In Salt Lake City, Utah, a woman named Kairi Abha Shepherd was adopted from an orphanage in India as a 3-month-old baby, but her adoptive mother passed away when she was 8 years old and never filed her citizenship paperwork.
U.S. Immigration and Customs Enforcement [ICE] started to deport Shepherd in 2007 after she was jailed for a probation violation of a 2004 guilty plea to a felony charge of forgery.
The 10th U.S. Circuit Court of Appeals has now ruled that she is in the country illegally, upholding an immigration court's ruling that Shepherd, who is now 30 years old, is too old to qualify for automatic citizenship under the Child Citizenship Act of 2000, which applies to children from foreign countries who are adopted by Americans.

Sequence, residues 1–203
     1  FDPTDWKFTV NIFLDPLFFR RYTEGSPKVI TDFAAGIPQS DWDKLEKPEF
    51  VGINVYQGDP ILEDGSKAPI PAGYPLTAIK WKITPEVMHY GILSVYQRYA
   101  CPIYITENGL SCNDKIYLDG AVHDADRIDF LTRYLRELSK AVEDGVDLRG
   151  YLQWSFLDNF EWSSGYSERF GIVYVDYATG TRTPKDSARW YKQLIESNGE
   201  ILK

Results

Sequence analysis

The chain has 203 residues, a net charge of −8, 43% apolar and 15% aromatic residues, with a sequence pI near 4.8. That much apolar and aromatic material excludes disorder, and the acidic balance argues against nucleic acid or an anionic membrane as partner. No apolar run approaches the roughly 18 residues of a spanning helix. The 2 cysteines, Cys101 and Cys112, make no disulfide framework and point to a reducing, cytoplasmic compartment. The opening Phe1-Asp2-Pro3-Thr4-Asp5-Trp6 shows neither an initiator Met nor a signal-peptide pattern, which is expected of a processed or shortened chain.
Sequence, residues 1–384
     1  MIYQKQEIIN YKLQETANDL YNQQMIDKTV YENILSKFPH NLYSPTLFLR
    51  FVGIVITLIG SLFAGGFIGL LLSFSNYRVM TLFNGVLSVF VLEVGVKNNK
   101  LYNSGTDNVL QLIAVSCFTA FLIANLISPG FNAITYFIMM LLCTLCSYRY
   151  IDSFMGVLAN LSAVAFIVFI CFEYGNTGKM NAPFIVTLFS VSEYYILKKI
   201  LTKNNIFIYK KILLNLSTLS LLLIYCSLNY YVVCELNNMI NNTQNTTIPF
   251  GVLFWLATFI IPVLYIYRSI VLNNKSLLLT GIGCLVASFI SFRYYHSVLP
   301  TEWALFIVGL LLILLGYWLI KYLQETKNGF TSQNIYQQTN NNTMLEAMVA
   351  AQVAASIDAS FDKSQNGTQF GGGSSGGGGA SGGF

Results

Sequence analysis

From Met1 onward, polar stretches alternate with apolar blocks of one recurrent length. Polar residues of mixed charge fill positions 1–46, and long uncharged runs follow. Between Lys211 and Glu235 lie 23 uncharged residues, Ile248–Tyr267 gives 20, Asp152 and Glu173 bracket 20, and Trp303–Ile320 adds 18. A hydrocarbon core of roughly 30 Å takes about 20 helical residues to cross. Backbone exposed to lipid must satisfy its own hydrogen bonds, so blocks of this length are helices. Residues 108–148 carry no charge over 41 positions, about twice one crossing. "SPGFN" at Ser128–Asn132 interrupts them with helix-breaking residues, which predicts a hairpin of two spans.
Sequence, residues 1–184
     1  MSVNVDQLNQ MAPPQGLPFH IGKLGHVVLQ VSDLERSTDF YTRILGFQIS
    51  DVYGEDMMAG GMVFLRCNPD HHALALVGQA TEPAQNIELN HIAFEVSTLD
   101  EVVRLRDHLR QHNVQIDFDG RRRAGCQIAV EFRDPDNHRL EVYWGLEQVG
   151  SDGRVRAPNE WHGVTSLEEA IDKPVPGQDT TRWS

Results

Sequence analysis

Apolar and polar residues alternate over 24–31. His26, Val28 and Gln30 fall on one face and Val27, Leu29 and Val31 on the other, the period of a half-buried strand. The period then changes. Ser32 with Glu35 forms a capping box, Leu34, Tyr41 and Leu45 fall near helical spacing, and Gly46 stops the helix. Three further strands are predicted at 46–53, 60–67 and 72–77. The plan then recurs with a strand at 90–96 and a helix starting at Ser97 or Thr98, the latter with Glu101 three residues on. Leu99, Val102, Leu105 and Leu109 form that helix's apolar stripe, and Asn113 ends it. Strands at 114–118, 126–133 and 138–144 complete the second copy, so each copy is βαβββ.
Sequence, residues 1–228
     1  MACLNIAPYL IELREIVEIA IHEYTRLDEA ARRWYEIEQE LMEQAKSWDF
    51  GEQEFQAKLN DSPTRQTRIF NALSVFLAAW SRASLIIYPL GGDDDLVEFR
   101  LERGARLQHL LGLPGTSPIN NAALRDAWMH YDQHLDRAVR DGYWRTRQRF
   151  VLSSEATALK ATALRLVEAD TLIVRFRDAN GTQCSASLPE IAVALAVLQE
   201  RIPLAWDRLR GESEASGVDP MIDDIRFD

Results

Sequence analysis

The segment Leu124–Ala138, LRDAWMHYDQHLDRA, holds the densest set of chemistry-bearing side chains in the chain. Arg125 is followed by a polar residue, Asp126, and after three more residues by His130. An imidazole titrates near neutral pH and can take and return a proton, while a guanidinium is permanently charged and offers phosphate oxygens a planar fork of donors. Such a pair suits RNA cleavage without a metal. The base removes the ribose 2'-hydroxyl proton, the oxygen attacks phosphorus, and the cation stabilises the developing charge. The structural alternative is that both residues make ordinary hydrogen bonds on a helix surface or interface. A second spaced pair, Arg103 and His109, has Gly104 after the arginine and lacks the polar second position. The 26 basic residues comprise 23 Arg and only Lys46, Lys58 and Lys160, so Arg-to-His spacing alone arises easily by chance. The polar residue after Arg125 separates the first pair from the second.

Shepherd's attorney Alan L. Smith says that she has no contacts in India: "I think she took a geography class in high school where she learned about India. She doesn't speak the language, she has no connection whatsoever. She's American through and through."
Smith added that Shepherd said she suffers from multiple sclerosis and has other health issues, so a return to India could be a "death sentence."
Smith and other attorneys are donating their time to reverse Shepherd's deportation order and help her gain legal status. They may have to take her case to the U.S. Supreme Court.
Smith said Shepherd thought she was a U.S. citizen at the time she pleaded guilty to a felony, not knowing it would end up getting her deported.